Congressional Elections

Midterm elections

Midterm elections often provide misleading signals about the subsequent presidential election. Republicans suffered significant losses in 1982, but Ronald Reagan was re-elected two years later in one of the greatest landslides in American history. Although Newt Gingrich’s insurgency routed the Democrats in 1994, Bill Clinton won re-election in 1996 with an enhanced margin of the popular vote. The Tea Party revolt repeated the Gingrich success in 2010, but Barack Obama nonetheless won re-election comfortably, stunning Republican nominee Mitt Romney and his senior political advisors.

There is a growing phenomenon of midterm elections being dominated by a larger national agenda. Midterms, which take place in the middle of a presidential term, are increasingly being seen as a referendum on the president, with the incumbent president's party losing seats in Congress.

The mid-term electorate is also very different- tends to be older, more ideological ie more conservative or liberal and less diverse. 2010 and 2014 saw lower turnout among young, Hispanic and black voters

However, the significance of these elections has been the subject of some debate:

· 1994 Republican revolution: The Republicans swept to victory with their Contract with America, gaining 54 seats in the House and eight in the Senate.

· 2002: The midterm elections were held 14 months after 9/11 and saw unusual gains for Bush's party, which picked up ten seats in total,

· 2006: On the back of the liberal 100-Hour Plan, the Democrats swept to victory by taking control of both the House and the Senate for the first time since 1994.

In this way, although midterms tend to have a lower turnout and profile than presidential elections, they are significant in shaping the national political climate, by pushing issues onto the national agenda, and also in affecting the remainder of a president's term. This was best shown by the results and effects of the 2010 midterms.


Incumbents have a significant advantage in congressional elections with re-election rates rarely falling below 90% for the House, with the Republican surge of 2010 still witnessing an 85% incumbency rate.

Reasons for incumbency advantage

· Gerrymandering: The redrawing of political boundaries to gain a political advantage has created a system whereby very few seats are competitive. Political analyst Charlie Cook's political report claims only nine House seats will be in the balance in the 2014 elections.

· Finance: Incumbents enjoy a huge funding advantage — in 2012, for example, House incumbents raised on average $1.6 million compared to just $267,000 for challengers.

· Pork barrelling: Not only do incumbents have specific name recognition, they are also able to point towards a proven track record in benefiting their constituents. Senator Thad Cochran was labelled the 'king of pork' in 2010, attaching earmarks to 240 projects worth $490 million.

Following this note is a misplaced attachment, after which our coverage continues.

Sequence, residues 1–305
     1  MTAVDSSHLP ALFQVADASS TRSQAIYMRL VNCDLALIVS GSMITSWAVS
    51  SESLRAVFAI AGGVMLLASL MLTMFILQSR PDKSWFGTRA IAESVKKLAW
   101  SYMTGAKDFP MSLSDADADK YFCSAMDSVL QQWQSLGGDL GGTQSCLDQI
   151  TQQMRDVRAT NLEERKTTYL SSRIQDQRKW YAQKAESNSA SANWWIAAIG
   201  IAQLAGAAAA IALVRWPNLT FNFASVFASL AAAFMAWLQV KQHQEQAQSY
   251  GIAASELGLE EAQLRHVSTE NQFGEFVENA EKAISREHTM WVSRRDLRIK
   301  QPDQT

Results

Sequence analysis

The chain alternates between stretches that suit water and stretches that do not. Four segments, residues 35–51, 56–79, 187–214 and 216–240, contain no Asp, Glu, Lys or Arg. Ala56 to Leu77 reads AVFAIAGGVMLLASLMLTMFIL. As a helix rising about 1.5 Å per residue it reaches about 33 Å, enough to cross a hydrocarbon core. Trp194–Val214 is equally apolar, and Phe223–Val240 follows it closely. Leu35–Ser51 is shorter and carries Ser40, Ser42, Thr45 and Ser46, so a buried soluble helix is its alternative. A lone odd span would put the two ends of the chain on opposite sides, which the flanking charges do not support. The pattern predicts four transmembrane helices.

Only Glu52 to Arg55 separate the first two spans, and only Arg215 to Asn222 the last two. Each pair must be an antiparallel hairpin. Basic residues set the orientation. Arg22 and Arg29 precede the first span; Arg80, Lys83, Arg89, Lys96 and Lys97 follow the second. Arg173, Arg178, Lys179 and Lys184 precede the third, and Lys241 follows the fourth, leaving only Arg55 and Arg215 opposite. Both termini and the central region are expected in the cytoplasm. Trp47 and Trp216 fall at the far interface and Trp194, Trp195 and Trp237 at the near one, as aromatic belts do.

Results and effects of the 2010 midterms

Referendum on Obama: The results reflected discontent over Obama's healthcare and economic stimulus, forcing him to adopt a more compromising tone. ·

Republican resurgence: The Tea Party agenda of fiscal conservatism and limited government clearly dominated the 2010 midterms, with notable victories including Marco Rubio in Florida. However, more recently this faction has been forced to compromise its position following Obama's victory and the Republican failure to secure control of the Senate in 2012. 2010 and 2012 were seen as a missed opportunities for the Republicans since they failed to get control of the Senate. One reason was the number of extreme candidates who were chosen as the result of Tea Party activism. e.g 2010 Sharon Angle failed to defeat Harry Reid or Christine O'Donnell who failed in Delaware. 2010 also marked the continued demise of the 'Blue Dogs'-conservative Democrats and so continued the polarizing trend in Congress.

Congressional elections are increasingly dominated by a national agenda. This nationalisation of the mid term election is a consequence of the increasing polarisation of US politics. The party whose candidate lost in the previous presidential election will attempt to create a referendum on the first two years of the president- either to increase or gain control of Congress. Rather than seek election as a representative of district or state the candidate in Congressional election are now in a position of opposition or support for the president. For example the 1994 Contract with America, or the 2010 Republican strategy of making the election about Obama and health care. Traditionally congressional candidates might have benefitted from the 'coat-tails effect', where they benefit from the popularity of a presidential candidate, but usually, these elections had a more local focus, with many battles taking place over local matters and the issue of pork barrel politics. However, it is still true that congressional elections are not as dominated by national politics as is the case in the UK.

Results and Effect of the 2014 midterms

Why Republicans won the Senate 2014

The Democrats finally lost the Senate making Mitch McConnell Majority leader. With both House and Senate in Republican control, Obama is clearly a 'lame duck'- however the Republicans did not have a super majority- so Democrats can defend Obama's legislation with the filibuster. Obama was unable to pass any major bills and his appointments were blocked or delayed- most notably Merrick Garland.

2014 Karl Rove and American Cross Roads 'nationalised the campaign by insisting it was referendum on Obama - he also over saw the selection of more moderate candidates.

American Crossroads Ad 2014 -links local candidate Mark Pryor to Obama